Balkan news from the week of 24th – 31st of March.

A British Member of the European Parliament (MEP) has said he thinks Serbia should not seek European Union membership. William Dartmouth is a member of the United Kingdom Independence Party (UKIP), which campaigns for the UK to leave the EU. Sympathising with Kosovo Serbs, Dartmouth expressed his admiration of Serbian culture, something he believes would be better preserved as a country independent of the EU. He also claims that Serbian unemployment, currently at a high 25%, would double with EU membership.

The European Commission has approved Croatia’s accession to the EU. A Commission report stressed that before Croatia’s membership is granted it must try harder to address corruption and crime in the country, and particularly criticised its low level of sentencing. Croatia will become the 28th member state of the EU on July 1st. This week a survey found that 45% of Croatians are in favour of EU accession, with 25.5% opposing its membership.

Two Bosnian Serbs have been sentenced to 22 years in prison for committing crimes against humanity. The International Criminal Tribunal for the Former Yugoslavia (ICTY) found Mićo Stanišić and Stojan Župljanin, both former top officials, guilty of ‘joint criminal enterprise with the objective to permanently remove non-Serbs from the territory of a planned Serbian state’.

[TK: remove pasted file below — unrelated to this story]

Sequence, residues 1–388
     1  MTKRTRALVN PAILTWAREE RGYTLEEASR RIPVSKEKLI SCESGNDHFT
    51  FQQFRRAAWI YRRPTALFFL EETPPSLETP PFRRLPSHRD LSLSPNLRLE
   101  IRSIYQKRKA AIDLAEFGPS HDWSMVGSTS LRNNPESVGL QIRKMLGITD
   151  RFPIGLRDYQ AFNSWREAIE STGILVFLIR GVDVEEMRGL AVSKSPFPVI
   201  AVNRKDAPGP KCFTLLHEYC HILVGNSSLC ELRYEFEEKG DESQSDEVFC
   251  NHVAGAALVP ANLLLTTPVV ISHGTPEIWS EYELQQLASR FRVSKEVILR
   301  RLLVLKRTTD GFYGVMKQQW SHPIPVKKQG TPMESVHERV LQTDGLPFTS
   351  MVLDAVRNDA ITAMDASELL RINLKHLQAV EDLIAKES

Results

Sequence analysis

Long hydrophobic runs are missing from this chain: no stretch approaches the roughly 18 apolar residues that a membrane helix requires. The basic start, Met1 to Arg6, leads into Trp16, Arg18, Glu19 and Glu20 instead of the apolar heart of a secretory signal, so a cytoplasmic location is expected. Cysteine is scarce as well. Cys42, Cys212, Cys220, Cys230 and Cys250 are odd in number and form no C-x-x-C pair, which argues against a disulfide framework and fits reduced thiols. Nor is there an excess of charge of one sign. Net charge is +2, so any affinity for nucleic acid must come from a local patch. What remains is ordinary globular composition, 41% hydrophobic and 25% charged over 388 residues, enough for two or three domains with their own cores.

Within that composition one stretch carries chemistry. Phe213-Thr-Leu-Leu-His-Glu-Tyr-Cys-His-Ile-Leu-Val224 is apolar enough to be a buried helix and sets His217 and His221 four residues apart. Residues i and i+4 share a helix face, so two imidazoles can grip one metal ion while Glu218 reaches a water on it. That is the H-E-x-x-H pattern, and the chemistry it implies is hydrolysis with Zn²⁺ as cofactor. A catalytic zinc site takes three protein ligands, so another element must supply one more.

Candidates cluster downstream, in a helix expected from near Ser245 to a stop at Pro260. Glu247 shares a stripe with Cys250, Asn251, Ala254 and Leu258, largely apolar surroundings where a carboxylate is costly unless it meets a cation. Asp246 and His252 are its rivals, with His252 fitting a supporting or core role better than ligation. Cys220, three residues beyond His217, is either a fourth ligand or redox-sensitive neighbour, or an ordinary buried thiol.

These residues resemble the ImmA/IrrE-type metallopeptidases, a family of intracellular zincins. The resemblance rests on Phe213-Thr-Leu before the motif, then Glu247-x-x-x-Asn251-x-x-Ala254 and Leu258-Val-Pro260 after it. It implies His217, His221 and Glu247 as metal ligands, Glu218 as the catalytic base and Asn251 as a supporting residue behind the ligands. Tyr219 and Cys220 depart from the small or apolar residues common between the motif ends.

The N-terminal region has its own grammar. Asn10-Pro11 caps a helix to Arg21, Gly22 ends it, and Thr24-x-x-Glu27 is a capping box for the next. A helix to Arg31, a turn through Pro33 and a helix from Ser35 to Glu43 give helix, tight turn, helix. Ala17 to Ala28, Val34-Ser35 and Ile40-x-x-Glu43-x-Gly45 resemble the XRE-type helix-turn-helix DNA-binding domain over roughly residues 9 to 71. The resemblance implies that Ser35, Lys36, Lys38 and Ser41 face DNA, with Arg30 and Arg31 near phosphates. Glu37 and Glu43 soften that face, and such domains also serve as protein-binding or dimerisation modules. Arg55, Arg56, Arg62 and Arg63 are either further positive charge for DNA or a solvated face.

Albania has been voted Europe’s most homophobic country by the European Social Survey. The survey found that 53% of Albanians do not believe that gay and lesbian people should be free to live as homosexuals. However, not all European countries were included in the survey. The only other country in the Western Balkans that was assessed was Croatia, despite the fact that countries such as Serbia are known to be widely homophobic.

A New York Times writer recounted the fascinating story of his trek across the Balkans on a 120-mile route designed both for tourists and to encourage cooperation among the traditionally antagonistic countries of the region. He describes the trail as linking ‘Muslim, Catholic and Orthodox enclaves, as well as Slavs and numerous Albanian tribes in three adjoining national parks, each showcasing the border region’s inestimable beauty.’ The article tells of his appreciation of the rawness of the mountain journey, describing disappointment in the arrival to the ‘too polished’ streets of Dubrovnik.

Photo courtesy of Andreas Welch.

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